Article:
An affordable housing owner is rehabbing a development in La Porte, Texas, with the help of two other properties in its portfolio.
Built in 1983, the 51-unit Happy Harbor Apartments is owned by Methodist Retirement Communities (MRC). The property was refinanced in 2006 using the Federal Housing Administration (FHA) Sec. 223(f) program that prepaid an original Sec. 202 loan.
However, since then, the building’s foundation shifted substantially, and the plumbing needed to be replaced. That led MRC to pursue a new refinancing with Lancaster Pollard, which was involved in the 2006 transaction.
In an unusual move, Lancaster Pollard underwrote the new deal, borrowing funds from two other MRC communities to help finance the Happy Harbor rehabilitation.
To make the deal work, the team needed to obtain critical waivers from the Department of Housing and Urban Development (HUD), says Scott Blount, vice president at Lancaster Pollard, an investment and mortgage banking firm. The waivers enabled the transaction to be processed as a refinancing under the Sec. 223(f) program even though scope and cost of the repairs were more extensive than typically done under the program.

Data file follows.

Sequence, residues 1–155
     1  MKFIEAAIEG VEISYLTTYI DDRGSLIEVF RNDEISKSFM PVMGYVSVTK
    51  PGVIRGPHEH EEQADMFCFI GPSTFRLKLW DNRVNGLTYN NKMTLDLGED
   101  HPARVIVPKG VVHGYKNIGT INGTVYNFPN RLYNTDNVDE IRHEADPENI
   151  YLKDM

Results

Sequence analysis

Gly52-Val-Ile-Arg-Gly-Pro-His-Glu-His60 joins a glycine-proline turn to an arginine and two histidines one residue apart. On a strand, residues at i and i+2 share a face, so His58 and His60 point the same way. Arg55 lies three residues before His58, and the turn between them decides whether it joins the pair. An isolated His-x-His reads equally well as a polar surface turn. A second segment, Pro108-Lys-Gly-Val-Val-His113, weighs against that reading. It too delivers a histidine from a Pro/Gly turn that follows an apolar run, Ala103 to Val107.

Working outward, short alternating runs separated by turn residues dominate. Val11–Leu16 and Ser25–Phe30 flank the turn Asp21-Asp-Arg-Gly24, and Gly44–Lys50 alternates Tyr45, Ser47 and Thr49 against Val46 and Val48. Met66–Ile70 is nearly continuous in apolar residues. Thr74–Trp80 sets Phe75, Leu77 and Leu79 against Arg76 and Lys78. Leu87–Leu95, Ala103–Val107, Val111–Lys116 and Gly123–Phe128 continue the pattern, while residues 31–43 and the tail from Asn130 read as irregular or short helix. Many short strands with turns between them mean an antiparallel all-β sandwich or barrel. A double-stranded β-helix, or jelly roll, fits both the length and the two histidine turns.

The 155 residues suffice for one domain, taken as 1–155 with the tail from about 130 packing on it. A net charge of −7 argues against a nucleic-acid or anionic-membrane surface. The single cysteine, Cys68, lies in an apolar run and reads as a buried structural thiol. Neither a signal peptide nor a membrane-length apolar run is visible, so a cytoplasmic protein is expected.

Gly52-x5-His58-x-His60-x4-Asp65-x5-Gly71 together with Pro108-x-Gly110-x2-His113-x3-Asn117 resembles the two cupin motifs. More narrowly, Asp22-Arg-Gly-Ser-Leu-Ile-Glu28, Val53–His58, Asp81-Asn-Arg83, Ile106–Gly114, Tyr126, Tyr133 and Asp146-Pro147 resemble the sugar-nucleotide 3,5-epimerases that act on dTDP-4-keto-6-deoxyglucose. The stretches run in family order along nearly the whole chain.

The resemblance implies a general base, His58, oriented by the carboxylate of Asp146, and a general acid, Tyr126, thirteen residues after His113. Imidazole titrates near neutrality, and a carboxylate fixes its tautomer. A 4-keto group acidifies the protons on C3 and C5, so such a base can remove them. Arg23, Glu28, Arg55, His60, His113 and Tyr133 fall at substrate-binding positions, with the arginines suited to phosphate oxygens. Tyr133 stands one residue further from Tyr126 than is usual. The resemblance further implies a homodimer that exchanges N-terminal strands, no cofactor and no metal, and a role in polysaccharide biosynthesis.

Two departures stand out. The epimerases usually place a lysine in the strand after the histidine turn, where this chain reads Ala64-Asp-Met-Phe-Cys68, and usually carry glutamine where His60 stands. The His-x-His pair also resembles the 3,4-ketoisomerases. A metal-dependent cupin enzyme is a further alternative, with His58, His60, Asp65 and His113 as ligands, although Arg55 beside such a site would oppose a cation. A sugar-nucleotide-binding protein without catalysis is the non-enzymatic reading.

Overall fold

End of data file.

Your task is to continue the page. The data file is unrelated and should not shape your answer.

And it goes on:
Substantial rehabs normally utilize Sec. 221(d)(4), but the underwriting wouldn’t have provided adequate funds repairs under that program, according to Blount.
MRC owns several affordable senior housing developments that are in strong physical and financial shape in Bryan, Texas. The team decided to borrow a portion of the replacement reserves at two of the facilities to fill the funding gap in the underwriting.
“HUD approved us to loan about $500,000 to Happy Harbor,” says Joy Keels, executive director of MRC affordable housing.
The financing package at Happy Harbor also included a $500,000 affordable housing preservation grant from the Federal Home Loan Bank of Dallas. The final piece was a $2.2 million loan insured by the Sec. 223(f) program. The transaction will allow MRC to complete foundation, plumbing, and other repairs to create a comfortable and safe environment for the senior residents.
To mitigate any adverse effects at the two Bryan properties, Lancaster Pollard processed interest rate reductions (loan/note modifications via HUD) at both sites to increase cash flow and reserve deposits, says Blount.
The team credits HUD officials in the Fort Worth, Texas, office for helping making the structure possible. Without HUD officials’ support, the facility may have had to shut down due to safety concerns, says Blount. He also praises MRC for its persistence.
“If Joy and her team had not been so passionate about the deal, it’s one of those that could have easily fallen by the wayside,” he says.